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Caesar cipher

  • Description
  • Algorithm
  • Implementation
The Caesar cipher is a simple substitution cipher, which replaces each plaintext letter by a different letter of the alphabet. The cipher is named after Gaius Julius Caesar (100 BC – 44 BC), who used it for communication with his friends and allies.
Simple substitution cipher
Julius Caesar encrypted his correspondence in many ways, for example by writing texts in reverse order or writing Latin texts using Greek letters. Some ancient authors (for example, the Roman historian Gaius Suetonius Tranquillus, who lived in the first century of our era) wrote that he was using the cipher with various shifts, of one or three characters.

The Caesar cipher is one of the simplest substitution ciphers.

Each plaintext letter is replaced by another one, which is offset by a certain amount of alphabet positions (always in the same direction). If the algorithm points to the position after the last letter in the alphabet, one should move to the beginning of the alphabet.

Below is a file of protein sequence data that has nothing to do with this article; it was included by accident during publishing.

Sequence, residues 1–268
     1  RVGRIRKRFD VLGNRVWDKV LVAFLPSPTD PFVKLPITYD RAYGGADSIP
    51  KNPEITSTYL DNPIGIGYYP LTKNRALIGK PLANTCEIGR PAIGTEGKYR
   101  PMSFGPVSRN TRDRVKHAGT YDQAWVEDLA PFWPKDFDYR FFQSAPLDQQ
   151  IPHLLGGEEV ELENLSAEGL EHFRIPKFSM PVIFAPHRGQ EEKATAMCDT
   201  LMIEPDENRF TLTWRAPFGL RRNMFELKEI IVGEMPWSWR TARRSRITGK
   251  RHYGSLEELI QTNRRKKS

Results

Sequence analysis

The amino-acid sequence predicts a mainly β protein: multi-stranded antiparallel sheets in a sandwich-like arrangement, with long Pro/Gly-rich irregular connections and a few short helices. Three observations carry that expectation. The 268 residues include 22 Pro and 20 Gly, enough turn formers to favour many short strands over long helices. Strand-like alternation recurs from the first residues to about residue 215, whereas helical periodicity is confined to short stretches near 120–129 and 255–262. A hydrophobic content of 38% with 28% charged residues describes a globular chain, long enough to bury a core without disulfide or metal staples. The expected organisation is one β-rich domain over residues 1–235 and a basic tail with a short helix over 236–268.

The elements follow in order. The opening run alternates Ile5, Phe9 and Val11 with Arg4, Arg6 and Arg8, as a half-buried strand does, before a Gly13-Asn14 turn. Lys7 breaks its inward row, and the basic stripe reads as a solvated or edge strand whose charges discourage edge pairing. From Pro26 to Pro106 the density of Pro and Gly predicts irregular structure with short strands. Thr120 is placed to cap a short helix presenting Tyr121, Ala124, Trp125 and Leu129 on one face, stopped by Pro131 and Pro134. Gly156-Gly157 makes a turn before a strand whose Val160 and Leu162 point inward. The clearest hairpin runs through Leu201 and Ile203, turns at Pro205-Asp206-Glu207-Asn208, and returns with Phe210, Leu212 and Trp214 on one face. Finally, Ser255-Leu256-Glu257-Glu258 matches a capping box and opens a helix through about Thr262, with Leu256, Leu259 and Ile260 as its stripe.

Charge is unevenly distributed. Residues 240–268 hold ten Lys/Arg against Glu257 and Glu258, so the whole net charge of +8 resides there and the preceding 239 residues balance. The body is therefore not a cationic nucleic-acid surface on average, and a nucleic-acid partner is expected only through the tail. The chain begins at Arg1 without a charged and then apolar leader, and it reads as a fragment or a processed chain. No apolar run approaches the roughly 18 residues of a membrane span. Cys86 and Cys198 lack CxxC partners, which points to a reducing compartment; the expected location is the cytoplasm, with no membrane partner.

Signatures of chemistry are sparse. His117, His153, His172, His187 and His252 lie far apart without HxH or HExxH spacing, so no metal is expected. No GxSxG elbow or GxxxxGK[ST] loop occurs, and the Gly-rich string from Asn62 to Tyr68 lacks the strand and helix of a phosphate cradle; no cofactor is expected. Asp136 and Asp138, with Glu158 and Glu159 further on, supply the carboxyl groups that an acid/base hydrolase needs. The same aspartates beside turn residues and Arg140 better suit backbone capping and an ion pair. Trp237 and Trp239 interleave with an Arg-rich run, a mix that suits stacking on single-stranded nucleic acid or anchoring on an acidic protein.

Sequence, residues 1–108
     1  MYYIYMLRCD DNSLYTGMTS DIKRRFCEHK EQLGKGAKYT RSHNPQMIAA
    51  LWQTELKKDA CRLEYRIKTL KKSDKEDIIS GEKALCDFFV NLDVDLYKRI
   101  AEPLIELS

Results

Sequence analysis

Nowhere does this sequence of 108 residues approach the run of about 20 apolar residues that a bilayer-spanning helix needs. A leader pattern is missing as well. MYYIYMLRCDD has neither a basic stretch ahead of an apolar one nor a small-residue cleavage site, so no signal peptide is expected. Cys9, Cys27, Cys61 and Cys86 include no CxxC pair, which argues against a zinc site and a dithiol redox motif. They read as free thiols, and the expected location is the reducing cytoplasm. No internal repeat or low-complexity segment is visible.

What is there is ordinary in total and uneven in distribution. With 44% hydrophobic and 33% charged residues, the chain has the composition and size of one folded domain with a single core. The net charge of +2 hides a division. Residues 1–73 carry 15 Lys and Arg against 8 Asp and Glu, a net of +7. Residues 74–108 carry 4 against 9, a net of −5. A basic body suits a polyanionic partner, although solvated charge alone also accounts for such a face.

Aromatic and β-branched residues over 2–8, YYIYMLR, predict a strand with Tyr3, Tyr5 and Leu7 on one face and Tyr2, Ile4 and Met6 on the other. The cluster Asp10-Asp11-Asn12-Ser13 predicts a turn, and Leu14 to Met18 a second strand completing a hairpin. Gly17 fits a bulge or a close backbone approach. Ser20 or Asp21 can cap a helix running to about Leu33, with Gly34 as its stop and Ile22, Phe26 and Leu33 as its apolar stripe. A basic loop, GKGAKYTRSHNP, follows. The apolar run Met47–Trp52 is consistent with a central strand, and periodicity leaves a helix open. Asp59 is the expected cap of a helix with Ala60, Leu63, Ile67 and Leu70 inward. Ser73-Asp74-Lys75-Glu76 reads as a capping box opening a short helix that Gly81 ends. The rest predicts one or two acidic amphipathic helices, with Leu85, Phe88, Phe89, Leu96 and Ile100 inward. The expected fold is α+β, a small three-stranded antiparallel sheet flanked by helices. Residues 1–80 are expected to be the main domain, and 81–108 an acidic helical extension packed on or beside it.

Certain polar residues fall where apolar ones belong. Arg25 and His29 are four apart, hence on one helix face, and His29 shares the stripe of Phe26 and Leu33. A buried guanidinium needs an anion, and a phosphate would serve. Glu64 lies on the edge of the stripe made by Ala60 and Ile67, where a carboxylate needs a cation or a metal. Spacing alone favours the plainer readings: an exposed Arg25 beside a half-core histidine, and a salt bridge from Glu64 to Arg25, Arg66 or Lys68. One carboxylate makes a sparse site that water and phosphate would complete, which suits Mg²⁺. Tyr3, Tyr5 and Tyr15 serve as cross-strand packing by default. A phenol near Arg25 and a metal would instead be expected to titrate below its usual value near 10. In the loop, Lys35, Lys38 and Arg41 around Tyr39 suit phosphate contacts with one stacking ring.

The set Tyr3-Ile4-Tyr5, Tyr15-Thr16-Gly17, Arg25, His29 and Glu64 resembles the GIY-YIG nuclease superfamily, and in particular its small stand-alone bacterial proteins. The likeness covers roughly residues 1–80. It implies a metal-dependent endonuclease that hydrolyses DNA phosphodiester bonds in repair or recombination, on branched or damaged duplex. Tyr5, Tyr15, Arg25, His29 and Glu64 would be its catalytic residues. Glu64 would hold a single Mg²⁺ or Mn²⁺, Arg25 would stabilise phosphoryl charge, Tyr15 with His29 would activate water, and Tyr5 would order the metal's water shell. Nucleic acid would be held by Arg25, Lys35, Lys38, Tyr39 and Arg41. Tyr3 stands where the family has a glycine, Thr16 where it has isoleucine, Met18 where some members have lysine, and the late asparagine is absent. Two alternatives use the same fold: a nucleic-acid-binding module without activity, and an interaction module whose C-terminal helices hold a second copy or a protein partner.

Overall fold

The cipher can be presented using mathematical formulas for encrypting and decrypting characters:
    En(x) = (x+n) mod 26
    Dn(x) = (x-n) mod 26
where:
    n is the offset (the secret key) and 26 is the total number of letters in the Latin alphabet (of course, for other languages one should use other a different number).

Security of the Caesar cipher

The Caesar cipher can be easily broken using brute force attacks. To discover the plaintext one should just check all the possible 26 (for the Latin alphabet) offsets.

Like other substitution ciphers, the Caesar cipher can also be attacked using known ciphertext attacks and letter frequency analysis of the ciphertext.

Simple encryption and decryption functions implemented in Python:

KEY = 3

def encrypt(text):
  encrypted = ""
  for ch in text:
    if ord(ch) >= ord('a') and ord(ch) <= ord('z'):
      newCode = ord(ch) + KEY
      if (newCode > ord('z')):
        newCode -= 26
      encrypted += chr(newCode)
    if ord(ch) >= ord('A') and ord(ch) <= ord('Z'):
      newCode = ord(ch) + KEY
      if (newCode > ord('Z')):
        newCode -= 26
      encrypted += chr(newCode)
  return encrypted

def decrypt(text):
  decrypted = ""
  for ch in text:
    if ord(ch) >= ord('a') and ord(ch) <= ord('z'):
      newCode = ord(ch) - KEY
      if (newCode < ord('a')):
        newCode += 26
      decrypted += chr(newCode)
    if ord(ch) >= ord('A') and ord(ch) <= ord('Z'):
      newCode = ord(ch) - KEY
      if (newCode < ord('A')):
        newCode += 26
      decrypted += chr(newCode)
  return decrypted